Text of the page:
, , , , , , , , , ,

Philip Wylie began writing science fiction in the 1930s and continued to write well into the 1970s, but it’s his shift towards atomic fears and post-apocalyptic visions that I’m dealing with today. Wylie was put under house arrest by the FBI after writing a novel with a post-War Nazi plot to use atomic weapons—cutting a little too close for comfort given that the Manhattan Project had yet to conduct its first live test. As the postwar era ushered in a new Atomic Age, Wylie continued to keep pace, becoming a special consultant to the Federal Civil Defense Administration. His works reflected the era’s fear of nuclear holocaust: books like Triumph, Tomorrow!, and The Smuggled Atom Bomb all center around the theme of a nuclear attack. This week I’m reading the last two to see how they compare.

Smuggled Atomic Bomb sm

Lancer Books – 1965 – artist uncredited.

Allan Diffenduffer (sigh) Bogan is a physics grad student in Florida, a clumsy but hard-working student working as a handyman at the Yates boarding home. He helps out the invalid and physically handicapped Mrs. Yates by doing housework and cleaning, and it’s when he cleans the room of the other boarder that he makes a remarkable discovery—the man has a locked lead box, containing a super-heavy brick of plutonium. Taking his worries to the FBI, Duff is told that the US is not missing any plutonium and to stop bothering them. Instead, Duff starts his own investigation, stumbling onto a plot of enemy saboteurs smuggling atomic bombs into the US, mining its seaboard cities with atomic death. With the help of Mrs. Yates’ smart, beautiful daughter Eleanor, and one of Eleanor’s many suitors, Duff races against the clock to uncover this conspiracy before an American city goes up in a mushroom cloud…

Wylie’s fear of Soviets mining the cities on America’s seaboard with H-bombs was apparently quite real, as he wrote a cautionary letter to the Kennedy administration in 1961. As a liberal humanist, Wylie had strong support for Kennedy, and as a consultant to Civil Defense, the administration took his concerns seriously enough that they were passed on to military advisers. Atomic holocaust became enough of a concern—or at least one of the world’s vulnerabilities—that he would revisit the theme of preparedness and nuclear attack in Tomorrow! and Triumph, both of which depicted the Cold War’s fears come true (though Tomorrow!, at least, ends on a happier note).  The Smuggled Atom Bomb’s plot makes it a bit timely than those other novels; since 2001 the US has been on a constant, if quiet, alert for hostile factions smuggling “dirty bombs” into a major metropolis. Ten years ago, this novel would have struck me as prophetic and having a finger on the pulse of American fears—odd how the world has come full circle, and a novel from 1951 foretells the fears of the recent past. I do think it foreshadows the techno-thriller, because I swear I’ve seen this plot on dozens of Tom Clancy knockoffs in bookstore bargain bins…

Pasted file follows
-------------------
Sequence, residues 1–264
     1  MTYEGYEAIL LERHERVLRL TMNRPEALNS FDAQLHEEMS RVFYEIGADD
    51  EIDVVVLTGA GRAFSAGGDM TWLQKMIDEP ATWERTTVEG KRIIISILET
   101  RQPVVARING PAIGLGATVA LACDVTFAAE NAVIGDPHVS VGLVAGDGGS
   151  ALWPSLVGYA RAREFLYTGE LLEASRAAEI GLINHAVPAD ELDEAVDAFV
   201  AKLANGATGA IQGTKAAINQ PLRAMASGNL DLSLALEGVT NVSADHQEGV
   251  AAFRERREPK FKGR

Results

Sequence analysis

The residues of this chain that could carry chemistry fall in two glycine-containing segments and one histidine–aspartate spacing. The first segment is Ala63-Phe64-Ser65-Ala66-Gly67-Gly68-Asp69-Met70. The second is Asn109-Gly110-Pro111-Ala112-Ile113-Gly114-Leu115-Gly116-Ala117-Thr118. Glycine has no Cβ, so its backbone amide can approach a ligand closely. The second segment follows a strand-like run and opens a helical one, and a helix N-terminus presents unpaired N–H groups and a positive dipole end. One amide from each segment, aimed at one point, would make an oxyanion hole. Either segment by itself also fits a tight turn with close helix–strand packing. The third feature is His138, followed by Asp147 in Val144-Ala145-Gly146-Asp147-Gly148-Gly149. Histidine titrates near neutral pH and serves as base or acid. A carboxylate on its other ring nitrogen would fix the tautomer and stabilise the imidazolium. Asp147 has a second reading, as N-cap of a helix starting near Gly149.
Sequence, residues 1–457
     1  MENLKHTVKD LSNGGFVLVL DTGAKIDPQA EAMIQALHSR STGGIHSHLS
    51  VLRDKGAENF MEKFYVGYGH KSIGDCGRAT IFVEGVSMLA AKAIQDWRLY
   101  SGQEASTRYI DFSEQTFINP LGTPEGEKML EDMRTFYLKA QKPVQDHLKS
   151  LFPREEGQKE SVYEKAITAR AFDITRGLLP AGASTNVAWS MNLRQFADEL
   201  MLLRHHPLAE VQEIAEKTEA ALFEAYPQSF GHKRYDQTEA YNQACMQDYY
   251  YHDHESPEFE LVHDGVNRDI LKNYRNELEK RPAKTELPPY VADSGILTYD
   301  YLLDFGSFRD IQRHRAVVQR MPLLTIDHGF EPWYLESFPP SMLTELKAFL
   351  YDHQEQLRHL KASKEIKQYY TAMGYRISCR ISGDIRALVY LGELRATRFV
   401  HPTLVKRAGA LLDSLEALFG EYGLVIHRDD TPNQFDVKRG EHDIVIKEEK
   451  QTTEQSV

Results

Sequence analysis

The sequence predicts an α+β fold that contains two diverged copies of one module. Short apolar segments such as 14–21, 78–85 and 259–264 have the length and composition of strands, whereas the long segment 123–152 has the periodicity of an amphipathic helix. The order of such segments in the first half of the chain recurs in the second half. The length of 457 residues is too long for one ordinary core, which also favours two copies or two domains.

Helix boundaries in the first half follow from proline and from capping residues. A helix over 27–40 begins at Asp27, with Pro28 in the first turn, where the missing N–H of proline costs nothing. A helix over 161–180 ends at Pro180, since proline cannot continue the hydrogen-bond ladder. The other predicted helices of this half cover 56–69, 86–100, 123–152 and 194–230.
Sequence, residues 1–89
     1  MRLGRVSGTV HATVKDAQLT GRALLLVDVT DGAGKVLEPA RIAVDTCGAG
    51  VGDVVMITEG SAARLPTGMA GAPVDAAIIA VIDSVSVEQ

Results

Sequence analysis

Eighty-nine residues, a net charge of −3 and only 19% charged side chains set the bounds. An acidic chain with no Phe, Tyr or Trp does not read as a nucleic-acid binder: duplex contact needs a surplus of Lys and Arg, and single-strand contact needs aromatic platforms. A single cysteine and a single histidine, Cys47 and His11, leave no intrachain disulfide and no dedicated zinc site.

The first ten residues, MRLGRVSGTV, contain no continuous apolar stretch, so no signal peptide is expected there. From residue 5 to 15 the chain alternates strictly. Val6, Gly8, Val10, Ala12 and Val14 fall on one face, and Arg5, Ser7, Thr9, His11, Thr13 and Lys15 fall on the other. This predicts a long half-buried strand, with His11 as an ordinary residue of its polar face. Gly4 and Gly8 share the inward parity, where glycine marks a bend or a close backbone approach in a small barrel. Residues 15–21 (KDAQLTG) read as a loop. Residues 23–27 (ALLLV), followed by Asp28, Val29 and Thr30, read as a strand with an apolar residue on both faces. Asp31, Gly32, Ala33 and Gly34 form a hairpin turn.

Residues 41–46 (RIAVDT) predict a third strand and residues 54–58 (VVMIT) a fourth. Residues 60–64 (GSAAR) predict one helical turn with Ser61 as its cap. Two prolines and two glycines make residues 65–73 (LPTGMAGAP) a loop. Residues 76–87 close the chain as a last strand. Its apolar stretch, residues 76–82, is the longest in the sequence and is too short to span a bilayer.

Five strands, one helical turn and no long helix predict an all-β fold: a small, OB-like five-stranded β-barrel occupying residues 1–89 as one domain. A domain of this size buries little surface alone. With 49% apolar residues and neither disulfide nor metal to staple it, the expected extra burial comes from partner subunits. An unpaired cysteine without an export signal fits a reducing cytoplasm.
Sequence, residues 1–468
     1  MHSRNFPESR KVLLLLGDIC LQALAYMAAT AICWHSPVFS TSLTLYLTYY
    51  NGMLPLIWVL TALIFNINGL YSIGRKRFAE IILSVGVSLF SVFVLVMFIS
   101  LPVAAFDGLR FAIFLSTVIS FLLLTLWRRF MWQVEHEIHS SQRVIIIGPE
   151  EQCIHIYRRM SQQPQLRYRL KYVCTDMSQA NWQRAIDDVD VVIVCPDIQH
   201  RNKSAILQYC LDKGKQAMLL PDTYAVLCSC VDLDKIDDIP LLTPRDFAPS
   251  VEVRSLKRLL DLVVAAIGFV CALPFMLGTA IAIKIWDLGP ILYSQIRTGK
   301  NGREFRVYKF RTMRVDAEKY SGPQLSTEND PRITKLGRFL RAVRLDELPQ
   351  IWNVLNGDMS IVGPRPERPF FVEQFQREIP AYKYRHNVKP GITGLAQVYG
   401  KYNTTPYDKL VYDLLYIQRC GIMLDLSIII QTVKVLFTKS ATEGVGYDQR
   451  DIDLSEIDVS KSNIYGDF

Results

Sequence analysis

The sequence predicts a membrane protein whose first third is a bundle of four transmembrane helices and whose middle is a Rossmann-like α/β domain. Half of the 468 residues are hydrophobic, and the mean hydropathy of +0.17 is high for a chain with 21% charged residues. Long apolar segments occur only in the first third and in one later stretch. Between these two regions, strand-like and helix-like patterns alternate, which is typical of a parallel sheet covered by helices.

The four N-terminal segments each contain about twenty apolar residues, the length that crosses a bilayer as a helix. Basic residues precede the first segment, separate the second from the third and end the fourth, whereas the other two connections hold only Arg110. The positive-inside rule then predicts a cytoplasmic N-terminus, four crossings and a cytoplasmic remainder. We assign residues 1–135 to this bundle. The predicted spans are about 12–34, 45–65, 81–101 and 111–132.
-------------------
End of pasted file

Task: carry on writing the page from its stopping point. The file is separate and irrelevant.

The Smuggled Atom Bomb was originally published in the collection Three To Be Read, along with fellow thrillers Sporting Blood and Experiment in Crime, all originating from the Saturday Evening Post. Later, they were split into their own paperback volumes. None of them are terribly long—Smuggled Atom Bomb epitomizes the novella/short novel, and only took an hour or so to read. Wylie’s style is competent but unexceptional, having the occasional flourish of wit and flash of pompous grandeur; it made the Saturday Evening Post after all, so expect something reasonably accessible but not willing to take risks. Due to its length constraints and subject matter, there were a few developments that struck me as too coincidental or inane. For one example, see Duff’s name. For another, one of the enemy contacts is a seven-foot-tall giant, whom Duff later realizes was just a short man wearing stilts, to more easily traverse the swamps (I assume?) and to complicate his identification—e.g., the FBI is off looking for a giant, not some moron wearing stilted shoes through the Everglades, which struck both this saboteur and Wylie as a plausible deterrent to investigation.

Avon - 1956 - artist uncredited.

Avon – 1956 – artist uncredited.

As a novella, I don’t have that much to say about The Smuggled Atom Bomb—it’s a short, entertaining read, but not a classic by any means. Rather thin and forgettable, in fact. The plot is straightforward but very contrived, and the characters fall into a predictable happy ending. (I noticed that in Tomorrow!, the male lead’s love interest was Lenore, and here Duff’s ideal woman is Eleanor; both share a happy Hollywood love-story ending.) Wylie writes well enough, and his wit can be sharp, but at this point I’d be more interested in reading his gender-bending The Disappearance or one of his radium age classics like When Worlds Collide. The Smuggled Atom Bomb may be of interest to those who like Cold War tales of intrigue and adventure, or atomic threat-type stories from that era, but it’s an average example at best.